Note: This was originally posted on my Tumblr where I am a little less filtered. I debated whether or not I should post it here because of the language and the fact that topic discussed is easy to misunderstand and take offense to. However, this topic and the discussion about it was a very big deal for the trans community. I think that it’s good to share to this as an example of how transgender people are not a singular monolith and are instead individual people who don’t necessarily agree with each other.
I _want_ to say that I can’t believe we’re still talking _about_ the #fuckcispeople hashtag, but that would be a lie. I can believe it. What I actually find hard to believe is how conflicted I can feel over something so simple as a Twitter hashtag.
I’ve had a hard time trying to peg down exactly why I don’t personally like it. I was hesitant to join the conversation at all because I didn’t want to derail, take it away from anyone, or do anything remotely like tone policing. I could see this was something that was truly cathartic for some people and provided some necessary venting. All trans* people could use a little of that from time to time, so I saw the hashtag as being very positive in that way, but it still didn’t feel right to me. I spoke up on Twitter and just threw that out there. It seemed like something I should do (you know, if you feel a certain way, speak up, kind of thing), but I _tried_ to take a clear stance that I didn’t think other people shouldn’t use it, just that I wasn’t sure it was the _best_ way to express things.
This morning, I started seeing a modified version of the hashtag being used by some people. #fuckcispeoplewho. I like this one. It was never the anger, the “fuck,” the tone, or any of that that bothered me. It also doesn’t advocate violence the way “die cis scum” does so I like it in that sense. This alternate tag hit the mark for me, it’s that the anger feels directionless with #fuckcispeople. While I never thought or got the impression that anyone was saying “fuck all cis people” with #fuckcispeople, the tag still _feels_ like a “fuck everyone attitude” (which I won’t blame people for feeling, but it’s just not what I feel). I don’t really care if cis people’s feelings are hurt by people speaking the truth and I agree that if people can’t get that #fuckcispeople isn’t the same as “fuck all cis people,” that’s kind of their problem.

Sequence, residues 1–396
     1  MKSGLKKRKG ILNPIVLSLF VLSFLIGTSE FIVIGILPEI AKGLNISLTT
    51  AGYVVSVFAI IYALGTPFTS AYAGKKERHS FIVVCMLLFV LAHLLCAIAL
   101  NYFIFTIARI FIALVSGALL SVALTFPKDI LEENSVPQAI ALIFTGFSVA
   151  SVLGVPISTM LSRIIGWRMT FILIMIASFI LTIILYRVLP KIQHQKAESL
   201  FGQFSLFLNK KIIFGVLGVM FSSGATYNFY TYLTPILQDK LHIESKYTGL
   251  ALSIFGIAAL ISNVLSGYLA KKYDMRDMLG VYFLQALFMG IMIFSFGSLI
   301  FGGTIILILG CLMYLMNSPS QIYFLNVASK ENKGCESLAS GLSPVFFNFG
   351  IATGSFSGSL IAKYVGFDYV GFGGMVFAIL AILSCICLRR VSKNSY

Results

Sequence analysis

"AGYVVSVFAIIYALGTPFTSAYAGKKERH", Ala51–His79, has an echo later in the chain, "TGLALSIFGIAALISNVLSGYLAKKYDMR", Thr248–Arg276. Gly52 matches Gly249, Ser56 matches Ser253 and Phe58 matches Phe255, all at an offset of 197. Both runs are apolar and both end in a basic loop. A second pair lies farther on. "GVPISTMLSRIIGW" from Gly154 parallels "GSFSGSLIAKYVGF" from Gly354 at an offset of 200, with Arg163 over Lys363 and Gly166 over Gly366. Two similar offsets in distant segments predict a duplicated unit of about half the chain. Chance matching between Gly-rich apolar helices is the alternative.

Sometime in the last 30 years, I learned that if you’re going to be angry about something (or even many things), it’s important to appropriately direct that anger. Anger that you aimlessly send out into the world tends to not go anywhere or resolve anything. More importantly, it rarely make you feel any better…or, at least, is my experience. On the other hand, anger that is focused on the source or cause of whatever it is that is pissing you off seems to be more productive and has a chance of leading to some sort of an end. For me, #fuckcispeople doesn’t have any direction to it. I’m not pissed at cis people, as a faceless mass, for anything. Many people are mad at cis people in general (and I can absolutely understand why, being treated like a normal human seems to be the exception and not the norm for many trans people) and, for them, #fuckcispeople is the appropriate hashtag. I’m mad at specific things that some people do and the people who do them. For me, #fuckcispeoplewho directs my anger appropriately.
All of that being said, I don’t necessarily think that a Twitter hashtag has to be productive. If people just want to vent, that’s cool. Do what you need to do. I don’t think #fuckcispeople works as a rallying cry for trans* rights, but I don’t think it’s intended to be a rallying cry either. I think it’s something internal to our community and, for that, I’m okay with it.